By Annabeth Leong
We’ve talked a lot about the truth in fiction, so I want to talk about the fiction in truth.
Interlude: Lisa and Rob
We all used to hang out at an open mike night. Rob was known for his joyful covers of “Brown Eyed Girl.” I sang a cappella versions of my poems. I don’t remember Lisa performing, though she was always there. Mostly, I remember her for handing out pills.
On this particular night, we went back to my place after the open mike ended, probably to smoke (more?) marijuana. But as was often true during that era, I wasn’t very patient with the conversation. Rob, particularly, seemed to be the type who got high and wanted to discuss mind-blowing, half-baked theories about quantum mechanics, and the more he waxed philosophical about The Dancing Wu Li Masters, the more I wished I’d left him out of the invitation.
Lisa saved the day by asking us to do her a favor, something she loved but hadn’t gotten to try in a long time. She wanted us to drip candle wax on her bare back, blow on it until it dried, and then peel it off and blow on it some more. I was down for just about anything that involved people taking their shirts off, so I quickly agreed. Rob was down as well, probably for similar reasons.
Many candles adorned my room, so we had the materials at hand. Lisa stripped down to her bra, and Rob and I took turns going through the wax procedure with her. I remember my fascination with the texture of her skin and the way it reddened in response to the heat. I have a major thing for freckles and moles, and I can still recall one just beside her bra strap and how badly I wanted to touch it. I’ll also never forget her gasps and moans.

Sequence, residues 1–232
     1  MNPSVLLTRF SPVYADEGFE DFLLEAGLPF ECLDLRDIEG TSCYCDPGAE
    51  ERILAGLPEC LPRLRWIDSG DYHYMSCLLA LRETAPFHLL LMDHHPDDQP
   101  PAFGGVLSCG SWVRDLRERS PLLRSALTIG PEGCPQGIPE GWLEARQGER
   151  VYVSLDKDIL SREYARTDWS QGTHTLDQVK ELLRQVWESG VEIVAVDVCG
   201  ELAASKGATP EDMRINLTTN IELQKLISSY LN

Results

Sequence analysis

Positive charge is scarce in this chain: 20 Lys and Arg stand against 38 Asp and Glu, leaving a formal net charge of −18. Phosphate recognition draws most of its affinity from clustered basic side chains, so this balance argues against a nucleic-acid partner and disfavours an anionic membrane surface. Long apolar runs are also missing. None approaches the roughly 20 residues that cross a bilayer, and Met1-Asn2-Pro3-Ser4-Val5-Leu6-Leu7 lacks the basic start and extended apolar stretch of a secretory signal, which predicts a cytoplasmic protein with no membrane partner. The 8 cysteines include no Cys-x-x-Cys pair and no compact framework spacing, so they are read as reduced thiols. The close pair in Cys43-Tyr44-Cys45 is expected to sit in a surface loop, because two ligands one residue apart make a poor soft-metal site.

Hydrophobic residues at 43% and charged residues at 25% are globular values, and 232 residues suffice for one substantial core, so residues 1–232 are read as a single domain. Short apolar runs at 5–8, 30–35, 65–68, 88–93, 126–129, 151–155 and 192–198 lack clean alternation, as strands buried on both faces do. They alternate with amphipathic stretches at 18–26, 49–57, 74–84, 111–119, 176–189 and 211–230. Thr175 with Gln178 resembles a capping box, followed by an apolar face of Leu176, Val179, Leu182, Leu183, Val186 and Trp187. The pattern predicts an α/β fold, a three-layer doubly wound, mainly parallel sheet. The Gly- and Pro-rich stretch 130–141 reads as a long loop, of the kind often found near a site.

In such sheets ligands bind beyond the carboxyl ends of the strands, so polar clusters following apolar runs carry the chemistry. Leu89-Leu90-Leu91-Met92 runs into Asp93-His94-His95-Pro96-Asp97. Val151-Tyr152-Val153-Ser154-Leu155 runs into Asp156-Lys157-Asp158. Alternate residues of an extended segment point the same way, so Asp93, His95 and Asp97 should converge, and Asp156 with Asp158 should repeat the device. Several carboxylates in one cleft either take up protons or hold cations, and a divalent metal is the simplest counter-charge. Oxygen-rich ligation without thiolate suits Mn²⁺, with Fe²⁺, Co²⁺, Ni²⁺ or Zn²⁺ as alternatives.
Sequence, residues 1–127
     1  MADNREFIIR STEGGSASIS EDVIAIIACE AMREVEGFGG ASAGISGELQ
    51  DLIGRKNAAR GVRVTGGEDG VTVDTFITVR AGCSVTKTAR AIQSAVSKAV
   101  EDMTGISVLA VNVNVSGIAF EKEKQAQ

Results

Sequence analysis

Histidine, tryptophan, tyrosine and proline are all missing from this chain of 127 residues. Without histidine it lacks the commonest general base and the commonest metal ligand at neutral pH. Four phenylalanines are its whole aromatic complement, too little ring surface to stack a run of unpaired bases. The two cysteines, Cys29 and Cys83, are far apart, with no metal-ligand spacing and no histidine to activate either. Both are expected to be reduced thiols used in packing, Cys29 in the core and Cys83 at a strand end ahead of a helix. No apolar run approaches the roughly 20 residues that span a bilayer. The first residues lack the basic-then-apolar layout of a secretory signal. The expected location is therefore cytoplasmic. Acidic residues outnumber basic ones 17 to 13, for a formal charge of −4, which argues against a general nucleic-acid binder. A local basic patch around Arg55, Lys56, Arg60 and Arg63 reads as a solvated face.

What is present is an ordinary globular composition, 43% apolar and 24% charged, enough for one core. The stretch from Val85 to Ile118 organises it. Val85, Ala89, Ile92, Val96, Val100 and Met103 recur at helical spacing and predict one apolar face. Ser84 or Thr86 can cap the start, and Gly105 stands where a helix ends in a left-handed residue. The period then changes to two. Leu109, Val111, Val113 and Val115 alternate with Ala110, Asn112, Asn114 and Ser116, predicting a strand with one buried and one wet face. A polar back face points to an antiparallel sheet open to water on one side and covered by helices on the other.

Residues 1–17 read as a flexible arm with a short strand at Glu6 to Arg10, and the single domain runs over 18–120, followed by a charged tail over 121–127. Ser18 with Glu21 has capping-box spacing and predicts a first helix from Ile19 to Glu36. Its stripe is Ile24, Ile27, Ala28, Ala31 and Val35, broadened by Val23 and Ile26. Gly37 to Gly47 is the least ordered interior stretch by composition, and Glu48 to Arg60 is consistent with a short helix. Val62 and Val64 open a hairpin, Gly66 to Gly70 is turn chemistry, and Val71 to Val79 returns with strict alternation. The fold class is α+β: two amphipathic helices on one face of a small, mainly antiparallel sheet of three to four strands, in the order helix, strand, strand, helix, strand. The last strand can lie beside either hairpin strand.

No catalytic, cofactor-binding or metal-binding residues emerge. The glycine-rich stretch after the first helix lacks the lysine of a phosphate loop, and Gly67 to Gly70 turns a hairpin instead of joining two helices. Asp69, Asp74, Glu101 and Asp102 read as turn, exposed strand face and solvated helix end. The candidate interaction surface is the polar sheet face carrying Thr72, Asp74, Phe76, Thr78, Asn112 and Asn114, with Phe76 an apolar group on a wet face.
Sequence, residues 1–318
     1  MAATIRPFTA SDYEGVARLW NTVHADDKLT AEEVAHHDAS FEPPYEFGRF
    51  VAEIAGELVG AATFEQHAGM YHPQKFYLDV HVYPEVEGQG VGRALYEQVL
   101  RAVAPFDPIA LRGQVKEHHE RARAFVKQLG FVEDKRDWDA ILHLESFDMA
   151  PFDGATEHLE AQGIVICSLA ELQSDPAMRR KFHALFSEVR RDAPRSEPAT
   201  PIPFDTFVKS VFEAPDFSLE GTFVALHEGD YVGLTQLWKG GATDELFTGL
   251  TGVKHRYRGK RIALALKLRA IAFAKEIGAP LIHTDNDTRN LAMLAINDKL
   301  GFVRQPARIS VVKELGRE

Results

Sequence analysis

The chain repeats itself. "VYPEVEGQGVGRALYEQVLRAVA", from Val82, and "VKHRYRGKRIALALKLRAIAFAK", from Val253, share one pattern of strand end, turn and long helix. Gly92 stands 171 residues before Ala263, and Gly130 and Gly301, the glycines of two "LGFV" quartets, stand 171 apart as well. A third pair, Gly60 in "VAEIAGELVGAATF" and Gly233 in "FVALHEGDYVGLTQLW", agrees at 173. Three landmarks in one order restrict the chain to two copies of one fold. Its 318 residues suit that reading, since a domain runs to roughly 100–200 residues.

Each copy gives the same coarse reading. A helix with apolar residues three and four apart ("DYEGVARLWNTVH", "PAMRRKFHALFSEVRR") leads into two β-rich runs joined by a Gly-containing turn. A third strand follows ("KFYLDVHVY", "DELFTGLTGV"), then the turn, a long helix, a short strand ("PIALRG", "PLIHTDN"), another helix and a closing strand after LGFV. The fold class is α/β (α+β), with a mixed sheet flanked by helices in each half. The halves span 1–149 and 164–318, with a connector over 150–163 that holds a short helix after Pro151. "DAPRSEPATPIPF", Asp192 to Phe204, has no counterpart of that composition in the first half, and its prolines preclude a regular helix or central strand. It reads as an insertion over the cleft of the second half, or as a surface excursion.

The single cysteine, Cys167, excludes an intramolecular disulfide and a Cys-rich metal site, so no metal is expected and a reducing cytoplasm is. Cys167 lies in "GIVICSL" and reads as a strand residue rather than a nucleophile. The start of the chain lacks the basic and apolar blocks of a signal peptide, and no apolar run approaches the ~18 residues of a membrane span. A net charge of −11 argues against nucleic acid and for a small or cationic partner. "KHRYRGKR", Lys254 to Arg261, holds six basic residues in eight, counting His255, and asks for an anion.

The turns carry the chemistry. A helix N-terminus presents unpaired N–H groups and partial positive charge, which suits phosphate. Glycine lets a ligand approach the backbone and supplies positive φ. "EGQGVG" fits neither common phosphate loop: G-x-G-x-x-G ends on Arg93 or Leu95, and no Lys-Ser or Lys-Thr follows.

After she said she’d had enough, I decided I wanted to try it. I never wore a bra back then, so my torso was entirely bare when I peeled off my shirt. The scald of the wax felt sharp and itchy at first, but as the heat spread over and through my skin, it settled into a squirming warmth that transformed into an erotic sensation. But there was also the matter of the breath. Cool or hot, soft or strong, different depending on whether it came from Lisa or Rob—it landed with an unbearably pleasurable shock each time, on raw, nervy skin stripped of defenses.
Rob tried it, too, though I remember having the sense that he was perhaps not as much of a masochist as Lisa or I, and was largely enduring pain in the interest of having two women touch his back and bring their lips close to it.
We did several rounds of this, and, predictably, the scenario evolved into heavy making out. I remember kissing both of them and playing with Lisa’s breasts. Pants didn’t come off, though I’m not sure why—I’m sure I would have gladly removed mine. At some point, Rob and Lisa went home, and I went to bed.
Oh, and by the way, I had a boyfriend at the time, who would have been extremely unhappy to know what I’d gotten up to.
The next week, I arrived at the open mike to find Rob waiting with one rose for me and one for Lisa. I remember thinking the roses showed a certain sort of naivete. He had no idea, I thought, of who Lisa and I were and what that night had actually meant. I don’t recall if we ever discussed things, but nothing erotic happened again with that particular configuration of people.